I truly believe that they cook the books there when it comes to cost of living calculations. For instance, what was advertised as the cost per kilowatt hour really wasn't. They do not add in the calculations all the fees that are on top of that kilowatt hour-anyone there, divide your payment amount by the amount of kilowatt hours used and you will see that you are paying a lot more than rate that is provided as their cost to consumers. Another thing, I now pay $25.00 every 3 months for my water bill-I used to pay $50.00 per month for it in Texas. So, when they say that the cost of living being less justifies the low wages, I cannot agree because the proportionate real cost of living versus the real wages puts nursing in the unskilled manual labor category.
  7. by   smk1
    The best deal I have seen from any nurse that I know is an RN with 1 year of CCU experience and is making 45/hour in NYC and rents a nice house on Staten Island for 1500/month (4 bed 2 bath nice yard and schools). No property tax, signed a long term lease and while she has no plans to ever buy a home, she chucks away almost 2 grand/month in savings without being married... and she gets all of the fun of NYC and the travel deals, food, culture etc...
  8. by   Sheri257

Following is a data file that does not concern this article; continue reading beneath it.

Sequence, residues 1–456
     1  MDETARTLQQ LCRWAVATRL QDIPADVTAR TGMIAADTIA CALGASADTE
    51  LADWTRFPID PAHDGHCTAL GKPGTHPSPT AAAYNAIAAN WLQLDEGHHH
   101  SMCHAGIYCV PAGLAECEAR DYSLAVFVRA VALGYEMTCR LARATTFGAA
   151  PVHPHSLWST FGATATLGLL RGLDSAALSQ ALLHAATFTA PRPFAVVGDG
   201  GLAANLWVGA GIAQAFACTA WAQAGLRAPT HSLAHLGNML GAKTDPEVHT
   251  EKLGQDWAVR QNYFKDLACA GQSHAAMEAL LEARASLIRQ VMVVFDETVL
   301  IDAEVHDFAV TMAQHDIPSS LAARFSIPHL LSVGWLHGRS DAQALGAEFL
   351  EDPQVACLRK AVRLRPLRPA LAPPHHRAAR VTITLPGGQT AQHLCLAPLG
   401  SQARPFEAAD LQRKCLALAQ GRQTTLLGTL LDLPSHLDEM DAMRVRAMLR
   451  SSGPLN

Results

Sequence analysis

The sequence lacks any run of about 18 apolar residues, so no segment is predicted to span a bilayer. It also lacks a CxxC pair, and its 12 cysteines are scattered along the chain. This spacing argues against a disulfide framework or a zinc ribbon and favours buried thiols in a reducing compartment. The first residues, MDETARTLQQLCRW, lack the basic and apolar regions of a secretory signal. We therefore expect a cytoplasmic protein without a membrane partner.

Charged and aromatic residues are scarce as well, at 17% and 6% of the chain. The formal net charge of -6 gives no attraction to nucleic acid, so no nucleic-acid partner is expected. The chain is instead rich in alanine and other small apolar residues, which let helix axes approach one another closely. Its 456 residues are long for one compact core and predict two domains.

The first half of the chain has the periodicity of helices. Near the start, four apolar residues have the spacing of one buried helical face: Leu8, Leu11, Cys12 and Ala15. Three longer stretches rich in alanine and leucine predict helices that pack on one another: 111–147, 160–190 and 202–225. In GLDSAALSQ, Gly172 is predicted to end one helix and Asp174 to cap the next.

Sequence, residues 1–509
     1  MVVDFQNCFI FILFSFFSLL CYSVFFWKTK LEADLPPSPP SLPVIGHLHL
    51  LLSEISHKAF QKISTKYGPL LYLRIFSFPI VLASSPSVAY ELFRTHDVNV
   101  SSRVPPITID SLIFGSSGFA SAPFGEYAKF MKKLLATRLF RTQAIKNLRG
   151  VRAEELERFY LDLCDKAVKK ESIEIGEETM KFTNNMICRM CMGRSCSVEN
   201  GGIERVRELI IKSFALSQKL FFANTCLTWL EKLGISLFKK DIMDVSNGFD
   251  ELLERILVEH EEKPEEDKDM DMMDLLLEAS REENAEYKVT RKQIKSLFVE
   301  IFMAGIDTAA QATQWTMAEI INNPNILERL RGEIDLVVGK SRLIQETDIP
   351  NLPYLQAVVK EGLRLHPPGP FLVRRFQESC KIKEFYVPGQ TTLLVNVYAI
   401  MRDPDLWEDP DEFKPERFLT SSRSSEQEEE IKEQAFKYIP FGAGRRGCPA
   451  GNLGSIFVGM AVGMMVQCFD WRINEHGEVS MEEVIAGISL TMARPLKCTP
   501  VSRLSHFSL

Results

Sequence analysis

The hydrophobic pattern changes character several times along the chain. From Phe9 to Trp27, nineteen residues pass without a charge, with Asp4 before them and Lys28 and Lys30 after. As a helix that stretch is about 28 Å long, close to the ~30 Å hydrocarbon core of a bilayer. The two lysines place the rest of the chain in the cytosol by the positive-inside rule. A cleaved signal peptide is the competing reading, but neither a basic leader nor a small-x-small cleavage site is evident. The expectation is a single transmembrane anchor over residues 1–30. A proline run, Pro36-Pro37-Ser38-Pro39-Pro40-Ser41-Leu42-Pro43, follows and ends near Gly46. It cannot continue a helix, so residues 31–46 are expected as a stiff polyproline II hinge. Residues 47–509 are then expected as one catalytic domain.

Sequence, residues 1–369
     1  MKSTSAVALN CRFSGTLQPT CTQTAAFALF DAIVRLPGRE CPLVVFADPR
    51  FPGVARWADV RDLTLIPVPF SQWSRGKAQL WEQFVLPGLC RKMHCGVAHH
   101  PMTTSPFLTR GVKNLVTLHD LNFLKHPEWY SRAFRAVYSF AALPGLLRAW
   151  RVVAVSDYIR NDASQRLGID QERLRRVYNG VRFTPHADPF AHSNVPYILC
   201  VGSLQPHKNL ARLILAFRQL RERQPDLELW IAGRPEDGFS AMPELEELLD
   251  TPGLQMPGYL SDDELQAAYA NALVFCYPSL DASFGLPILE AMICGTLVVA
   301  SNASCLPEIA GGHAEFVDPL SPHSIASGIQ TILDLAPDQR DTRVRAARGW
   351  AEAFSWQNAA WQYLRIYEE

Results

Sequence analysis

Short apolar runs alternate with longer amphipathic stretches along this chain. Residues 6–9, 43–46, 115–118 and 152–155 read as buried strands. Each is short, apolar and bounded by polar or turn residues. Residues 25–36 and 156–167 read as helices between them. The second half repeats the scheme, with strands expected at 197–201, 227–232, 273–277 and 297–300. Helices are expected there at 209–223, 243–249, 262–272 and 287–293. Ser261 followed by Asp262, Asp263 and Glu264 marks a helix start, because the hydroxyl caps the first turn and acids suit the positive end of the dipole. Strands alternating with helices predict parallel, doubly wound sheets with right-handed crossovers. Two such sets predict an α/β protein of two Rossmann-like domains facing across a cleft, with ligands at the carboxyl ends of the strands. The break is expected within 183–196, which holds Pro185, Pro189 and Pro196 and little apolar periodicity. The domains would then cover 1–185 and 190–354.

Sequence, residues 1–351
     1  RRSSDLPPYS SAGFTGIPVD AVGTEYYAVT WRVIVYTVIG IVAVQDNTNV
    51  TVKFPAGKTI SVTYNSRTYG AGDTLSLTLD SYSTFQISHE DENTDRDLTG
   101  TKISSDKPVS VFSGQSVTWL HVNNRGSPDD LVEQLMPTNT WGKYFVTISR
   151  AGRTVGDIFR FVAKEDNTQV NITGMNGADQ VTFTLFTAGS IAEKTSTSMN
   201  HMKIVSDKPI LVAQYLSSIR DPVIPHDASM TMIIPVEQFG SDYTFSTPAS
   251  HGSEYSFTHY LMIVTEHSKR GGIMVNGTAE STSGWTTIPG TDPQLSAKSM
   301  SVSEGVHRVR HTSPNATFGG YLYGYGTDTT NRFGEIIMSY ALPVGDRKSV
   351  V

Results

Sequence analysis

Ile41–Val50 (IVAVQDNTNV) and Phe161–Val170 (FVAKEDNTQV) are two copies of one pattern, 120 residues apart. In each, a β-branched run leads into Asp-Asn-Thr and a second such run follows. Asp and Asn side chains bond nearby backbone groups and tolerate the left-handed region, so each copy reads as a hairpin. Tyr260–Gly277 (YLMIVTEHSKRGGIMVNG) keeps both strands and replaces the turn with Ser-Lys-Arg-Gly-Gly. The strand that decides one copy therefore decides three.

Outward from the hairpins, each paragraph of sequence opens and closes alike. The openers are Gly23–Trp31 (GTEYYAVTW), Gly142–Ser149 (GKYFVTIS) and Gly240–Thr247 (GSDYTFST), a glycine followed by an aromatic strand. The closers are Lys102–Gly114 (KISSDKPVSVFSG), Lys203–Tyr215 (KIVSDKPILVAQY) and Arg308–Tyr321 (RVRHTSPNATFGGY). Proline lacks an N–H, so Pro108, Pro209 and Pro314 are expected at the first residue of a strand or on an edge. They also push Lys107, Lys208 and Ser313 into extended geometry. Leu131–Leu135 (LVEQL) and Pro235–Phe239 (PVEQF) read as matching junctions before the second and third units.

Quote from loricatus
    I truly believe that they cook the books there when it comes to cost of living calculations.
    I don't think they're cooking the books. I just don't think they're looking at the entire picture.

    Everybody loves to point out California housing prices and say ... you see! Texas nurses are doing better! But not everybody pays $300K to $500K for a house. You can't just count the losers in the marketplace and say, "I'm doing better!"

    You also have to look at the winners ... (like The Commuter) who sold their houses for a nice chunk of cash. Or, the nurses who bought houses cheap, still have a cheap mortgages but are sitting on a ton of home equity. Or, the nurses who pay minimal rent (like the above mentioned Staten Island example) and still bring home lots of cash with higher wages.